Three-fourths into the book, when Belle da Costa Greene was in an auction bidding for Caxton Le Morte Darthur, it reads like a thriller. It’s not something you’d usually say for historical fiction, but the writing is excellent in creating a scene that’s both tense and riveting. The story was building to this momentous climax. It was the rare book she promised she would get for the larger-than-life J.P. Morgan when she interviewed to be his personal librarian at the beginning. You have to read this book to find out how it all went down.
Her story is a fascinating read, albeit fictionalized since she burned all her letters, correspondences, and records before her death. Born to an African American family, her mother chose for them to pass as white. The book traces Belle’s humble beginnings from being a librarian at Princeton University Library to her rise as J.P. Morgan’s personal librarian of the Pierpont Morgan Library. Her father, Richard Greener, the first black graduate of Harvard University and a staunch advocate for Equal Rights left them when her mother, Genevieve Fleet, a member of the well-known Fleet family in Washington D.C., decided that their fair skin was a blessing they could use to live as white people in a country divided by race. Belle dropped the r from Greener and added da Costa to support the Portuguese background that they made up for their family history.
As Belle’s career gathers momentum, the more she becomes afraid of being discovered as colored. When she’s invited to her first high society ball as J.P. Morgan’s guest, she questions if she could make such a wide leap knowing that the people around her are all white and therefore high above her own station. When she gets a drink from a colored server, she questions why is she being served just because she has the privilege of fair skin. It makes you ask the same question now in the face of rampant racism and hatred toward non-white people.
I had a lovely time reading the book. The words flowed seamlessly like fine wine on a quiet Sunday evening. The prose was affecting and reflected the elegance of Belle’s world. One powerful scene for me was when they were on a train from New York City to Washington D.C. They were seated in the last row for white people. When it stopped in Washington D.C., they stepped out in the carriage for people of color. She remarked how strange it was that they could leave as white people and arrive as people of color. Her conversation with her father when they met in Chicago was both heartfelt and heartbreaking. There, she made peace with her father, but she also realized that it would be the last time they’d see each other.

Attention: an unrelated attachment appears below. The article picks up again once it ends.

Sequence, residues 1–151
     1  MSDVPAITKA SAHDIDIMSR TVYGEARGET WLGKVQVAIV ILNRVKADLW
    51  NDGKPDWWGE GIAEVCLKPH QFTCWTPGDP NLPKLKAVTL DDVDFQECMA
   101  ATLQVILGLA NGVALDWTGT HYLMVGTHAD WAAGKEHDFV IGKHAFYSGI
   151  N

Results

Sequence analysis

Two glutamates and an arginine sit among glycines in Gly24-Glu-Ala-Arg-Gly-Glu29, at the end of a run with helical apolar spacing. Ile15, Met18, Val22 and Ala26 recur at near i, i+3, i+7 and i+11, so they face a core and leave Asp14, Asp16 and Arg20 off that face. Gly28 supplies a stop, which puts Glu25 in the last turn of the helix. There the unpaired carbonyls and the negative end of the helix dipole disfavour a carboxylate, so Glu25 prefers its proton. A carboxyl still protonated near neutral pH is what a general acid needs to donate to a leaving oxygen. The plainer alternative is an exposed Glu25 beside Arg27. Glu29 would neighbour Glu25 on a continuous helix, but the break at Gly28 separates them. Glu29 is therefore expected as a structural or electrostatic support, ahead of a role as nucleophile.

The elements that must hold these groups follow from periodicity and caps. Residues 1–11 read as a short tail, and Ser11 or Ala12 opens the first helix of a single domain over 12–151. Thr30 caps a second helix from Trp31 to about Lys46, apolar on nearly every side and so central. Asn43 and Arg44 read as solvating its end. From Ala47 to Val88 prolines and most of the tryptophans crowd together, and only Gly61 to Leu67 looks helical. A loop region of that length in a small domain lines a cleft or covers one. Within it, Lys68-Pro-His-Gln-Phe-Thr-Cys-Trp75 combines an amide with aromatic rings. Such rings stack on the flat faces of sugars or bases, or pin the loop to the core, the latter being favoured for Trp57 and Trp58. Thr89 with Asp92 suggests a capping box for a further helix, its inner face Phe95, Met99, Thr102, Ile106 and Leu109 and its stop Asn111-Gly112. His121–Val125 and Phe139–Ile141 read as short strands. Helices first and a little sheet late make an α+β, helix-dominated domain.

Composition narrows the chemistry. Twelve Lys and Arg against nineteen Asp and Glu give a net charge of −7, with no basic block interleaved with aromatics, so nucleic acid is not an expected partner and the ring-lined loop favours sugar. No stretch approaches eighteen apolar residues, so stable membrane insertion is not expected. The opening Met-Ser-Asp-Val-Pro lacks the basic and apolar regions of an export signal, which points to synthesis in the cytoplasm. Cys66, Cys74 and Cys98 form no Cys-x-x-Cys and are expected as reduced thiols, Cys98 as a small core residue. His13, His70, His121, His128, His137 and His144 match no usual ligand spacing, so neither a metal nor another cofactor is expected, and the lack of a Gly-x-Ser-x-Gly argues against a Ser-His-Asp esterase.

I cheered for Belle’s rise into prominence as one of the most successful women in the Gilded Age. Her life is a triumph and one-upmanship to the racists of the world. Here was a woman of color who passed as white and succeeded brilliantly. I thought when she fell for Bernard Berenson, a renowned Renaissance Italian art expert, it would be her downfall. But no, despite the deception and loss she experienced with him, she picked herself up and forged ahead. Her life avoided the trope of a woman disgraced because of a love for an unworthy man. When she said she needed to break the bond of that flawed love to soar, it makes you want to stand up and applaud her.
I love how, in the end, she was able to reconcile the conflicting views of her parents. Her mother’s choice to live as white gave her the opportunity she could never have if she lived as a woman of color. Hearing her father say that he was proud of her and that she has lived the life that was meant for her was the affirmation she needed that it was not her fault. It was because of racism that made her live as a white woman.
Towards the end, when she was giving a tour of J.P. Morgan’s Library before it opened to the public, it felt like she was walking through her own life. Each manuscript, each artifact or art she had accumulated over the years bore witness to a particular moment in her life. And isn’t that the same for us readers? When we go through the books on our shelves, they each carry a personal memory of when we bought it, when we read it, and who we were at that time. Each book in our personal library contains a world of stories and characters that expanded our imaginations, provided us escapes, and made us feel alive in a way only a book can.
The Personal Librarian is a triumph on so many levels. Aside from telling the little-known story of a woman of color who rose to prominence and influence at a time when segregation was law and women were fighting for their right to suffrage, it shows how men like J.P. Morgan needed a woman to elevate them to greatness.
Chris Daniel has written on Wattpad, yellowpads, and notepads. A few of his articles are in the dusty archives of Inquirer’s Youngblood and Philippine Star’s My Favorite Book, while one story got lost among the Kindles on Amazon. He works as a Systems Administrator by day and a recluse at night. You can reach him on Twitter @cd_loza and Instagram @danmloza.
[Thoughts and views expressed in this article are those of the author and do not necessarily reflect the views of Fully Booked. Then again, we love our authors anyway.]